GENERAL GORDON ON THE DEFENCES AND COMMERCE OF MAURITIUS
GORDON (Charles George 1833-1885 General Four Long Manuscript Documents with hand drawn maps. A Long 7 page folio on blind stamped Govt. crested paper Letter Signed "C.E.Gordon" , to the Major General Commanding about 'Subjects connected with the Barrack accommodation of the troops under your command ...', with 2 hand drawn diagrams, 2nd July 1881, [with] An Autograph Manuscript, "Memorandum on the value of Naval and Military of the Island of Mauritius to the Imperial Govt." 10 page folio, signed with initials, on blind stamped Govt. crested paper, including 2 full page hand drawn manuscript maps of Mauritius, 3rd July 1881, [with] Secretarial Manuscript "Memos on the means of protecting British Commerce in Indian Ocean" 10 pages including 2 hand drawn maps of the Indian Ocean and of Port Louis, folio, endorsed as true copy of Gordon's memo, 27th July 1881, [with] Secretarial Manuscript signed by Gordon "Memorandum on Colonial Defence", 7 page folio on blind stamped Govt. crested paper, with 2 hand drawn sketch maps of the World and South East Asia, 31st August 1881, 2nd of July - 31st August 1881,
together 34 pages folio,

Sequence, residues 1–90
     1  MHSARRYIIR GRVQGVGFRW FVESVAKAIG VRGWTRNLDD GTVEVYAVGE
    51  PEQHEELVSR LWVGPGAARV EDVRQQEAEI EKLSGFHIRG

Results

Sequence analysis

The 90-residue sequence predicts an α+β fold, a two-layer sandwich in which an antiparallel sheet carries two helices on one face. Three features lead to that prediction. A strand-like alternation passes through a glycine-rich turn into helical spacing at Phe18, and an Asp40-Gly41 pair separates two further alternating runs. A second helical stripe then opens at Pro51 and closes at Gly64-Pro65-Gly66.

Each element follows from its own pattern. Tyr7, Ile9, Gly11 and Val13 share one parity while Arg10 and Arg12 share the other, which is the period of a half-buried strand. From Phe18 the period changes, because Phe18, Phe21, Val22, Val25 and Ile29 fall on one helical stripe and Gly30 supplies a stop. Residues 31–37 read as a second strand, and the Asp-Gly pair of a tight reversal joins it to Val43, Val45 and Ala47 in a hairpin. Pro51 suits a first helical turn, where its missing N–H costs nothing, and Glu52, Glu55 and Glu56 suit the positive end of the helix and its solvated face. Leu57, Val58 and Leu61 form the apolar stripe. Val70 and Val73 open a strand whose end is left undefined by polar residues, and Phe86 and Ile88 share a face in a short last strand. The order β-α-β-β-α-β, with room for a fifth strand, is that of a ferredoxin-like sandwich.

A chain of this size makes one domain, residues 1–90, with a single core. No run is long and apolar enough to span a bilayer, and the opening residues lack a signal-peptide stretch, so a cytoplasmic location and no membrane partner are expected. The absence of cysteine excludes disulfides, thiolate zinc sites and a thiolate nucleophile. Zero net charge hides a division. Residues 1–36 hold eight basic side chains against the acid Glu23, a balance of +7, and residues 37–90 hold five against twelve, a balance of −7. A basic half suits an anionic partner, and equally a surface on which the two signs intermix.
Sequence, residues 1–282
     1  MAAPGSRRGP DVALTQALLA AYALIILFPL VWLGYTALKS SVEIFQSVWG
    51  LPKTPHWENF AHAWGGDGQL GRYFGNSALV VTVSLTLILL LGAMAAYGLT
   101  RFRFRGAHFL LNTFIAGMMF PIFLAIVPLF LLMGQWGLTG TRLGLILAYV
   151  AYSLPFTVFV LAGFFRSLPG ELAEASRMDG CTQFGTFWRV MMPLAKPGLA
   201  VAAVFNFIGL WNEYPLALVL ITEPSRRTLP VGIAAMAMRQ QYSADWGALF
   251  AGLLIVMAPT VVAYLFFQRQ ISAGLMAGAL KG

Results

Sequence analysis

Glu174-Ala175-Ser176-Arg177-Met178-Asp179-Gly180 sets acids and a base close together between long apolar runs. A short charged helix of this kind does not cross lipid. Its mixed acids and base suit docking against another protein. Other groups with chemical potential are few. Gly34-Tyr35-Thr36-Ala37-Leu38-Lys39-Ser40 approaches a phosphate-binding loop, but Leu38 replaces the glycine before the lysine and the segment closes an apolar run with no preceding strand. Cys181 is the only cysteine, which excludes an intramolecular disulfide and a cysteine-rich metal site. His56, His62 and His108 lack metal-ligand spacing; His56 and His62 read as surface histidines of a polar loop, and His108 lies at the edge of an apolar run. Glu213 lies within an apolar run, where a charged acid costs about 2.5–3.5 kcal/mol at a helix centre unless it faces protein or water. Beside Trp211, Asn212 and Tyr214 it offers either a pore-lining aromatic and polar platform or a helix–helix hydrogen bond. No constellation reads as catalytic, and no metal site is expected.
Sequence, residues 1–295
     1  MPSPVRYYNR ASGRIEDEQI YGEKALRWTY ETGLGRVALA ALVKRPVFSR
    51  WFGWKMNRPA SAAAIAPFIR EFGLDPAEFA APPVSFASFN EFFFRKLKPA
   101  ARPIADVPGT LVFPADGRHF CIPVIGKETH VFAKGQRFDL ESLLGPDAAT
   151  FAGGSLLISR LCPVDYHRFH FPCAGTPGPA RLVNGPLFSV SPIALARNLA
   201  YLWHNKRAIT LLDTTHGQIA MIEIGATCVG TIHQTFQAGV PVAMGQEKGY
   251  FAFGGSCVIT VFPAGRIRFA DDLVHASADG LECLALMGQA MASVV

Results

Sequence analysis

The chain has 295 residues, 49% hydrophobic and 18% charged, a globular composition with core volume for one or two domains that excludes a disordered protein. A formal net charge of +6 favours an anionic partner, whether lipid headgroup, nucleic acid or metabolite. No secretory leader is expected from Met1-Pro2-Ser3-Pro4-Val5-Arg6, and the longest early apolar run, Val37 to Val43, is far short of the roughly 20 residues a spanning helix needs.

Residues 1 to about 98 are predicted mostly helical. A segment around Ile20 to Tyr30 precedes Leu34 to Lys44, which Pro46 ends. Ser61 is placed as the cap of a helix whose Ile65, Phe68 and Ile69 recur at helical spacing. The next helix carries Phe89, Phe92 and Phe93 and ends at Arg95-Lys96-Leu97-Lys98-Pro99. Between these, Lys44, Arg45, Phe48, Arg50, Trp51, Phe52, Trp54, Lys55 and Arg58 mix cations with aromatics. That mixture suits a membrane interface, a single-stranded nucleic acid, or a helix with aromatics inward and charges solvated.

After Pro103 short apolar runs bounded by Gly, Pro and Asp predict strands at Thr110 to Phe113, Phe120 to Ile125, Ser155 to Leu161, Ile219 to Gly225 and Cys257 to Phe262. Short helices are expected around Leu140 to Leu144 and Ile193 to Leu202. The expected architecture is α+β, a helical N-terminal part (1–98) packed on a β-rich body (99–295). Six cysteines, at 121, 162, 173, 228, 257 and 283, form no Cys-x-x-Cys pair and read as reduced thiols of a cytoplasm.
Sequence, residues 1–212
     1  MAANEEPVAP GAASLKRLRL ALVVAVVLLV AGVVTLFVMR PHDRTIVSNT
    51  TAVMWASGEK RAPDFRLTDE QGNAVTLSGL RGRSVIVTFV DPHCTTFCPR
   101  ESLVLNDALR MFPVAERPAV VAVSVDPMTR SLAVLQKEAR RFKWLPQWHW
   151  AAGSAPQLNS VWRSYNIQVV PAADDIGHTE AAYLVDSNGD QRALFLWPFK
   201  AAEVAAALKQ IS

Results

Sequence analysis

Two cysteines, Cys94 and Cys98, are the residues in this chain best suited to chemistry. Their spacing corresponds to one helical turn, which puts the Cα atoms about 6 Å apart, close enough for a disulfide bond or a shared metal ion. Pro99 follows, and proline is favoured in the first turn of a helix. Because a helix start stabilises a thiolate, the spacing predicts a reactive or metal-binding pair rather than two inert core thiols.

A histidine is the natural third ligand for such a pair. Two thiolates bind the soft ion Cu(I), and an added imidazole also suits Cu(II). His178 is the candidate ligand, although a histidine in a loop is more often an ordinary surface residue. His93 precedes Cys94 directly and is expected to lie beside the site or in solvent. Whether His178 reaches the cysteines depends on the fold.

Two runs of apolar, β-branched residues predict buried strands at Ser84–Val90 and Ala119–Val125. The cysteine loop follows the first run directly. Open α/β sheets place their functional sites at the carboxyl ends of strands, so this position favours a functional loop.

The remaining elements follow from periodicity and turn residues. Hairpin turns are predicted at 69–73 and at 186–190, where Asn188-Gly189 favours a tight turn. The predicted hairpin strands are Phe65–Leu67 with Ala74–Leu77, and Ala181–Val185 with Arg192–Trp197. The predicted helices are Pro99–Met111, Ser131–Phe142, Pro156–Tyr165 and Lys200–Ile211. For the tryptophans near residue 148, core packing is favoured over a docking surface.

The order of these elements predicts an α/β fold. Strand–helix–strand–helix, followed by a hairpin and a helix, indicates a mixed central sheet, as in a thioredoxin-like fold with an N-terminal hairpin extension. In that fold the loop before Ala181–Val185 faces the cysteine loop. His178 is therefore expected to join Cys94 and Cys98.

After six years Governing the Soudan and with suppressing the Slave Trade, from 1874 to 1880, Gordon arrived in Mauritius as Commanding Officer of the Royal Engineers on June 24 1881. These Documents. starting on July 2nd. 1881 barely a week after his arrival, represent his earliest assessment on the island and show his restless energy and determination to get on with the work as he saw it. In his first letter he condemns the buildings in Port Louis of the Civil Hospital, British Hospital, Prison, Reception for Immigration Coolies and Sugar store are all housed together. "The place swarms with mosquitoes ... the detrimental effects of having the Immigration depot, the sugar store and the mixed heterogeneous patients of the Civil Hospital in such proximity to the Military Hospital can easily be appreciated..." He proposes the sale of buildings and the relocation of site in Curepipe, together with his estimates of costs and revenue. In the second Memorandum he outline, the vulnerability of the island to attack identifying the positions on a map, and also how the Fort at Port Louis should be strengthened. In the final 2 reports he defines the Trade and Commerce of the Indian Ocean and its importance to the Empire and finally outlining the importance of Mauritius in the Global Empire.
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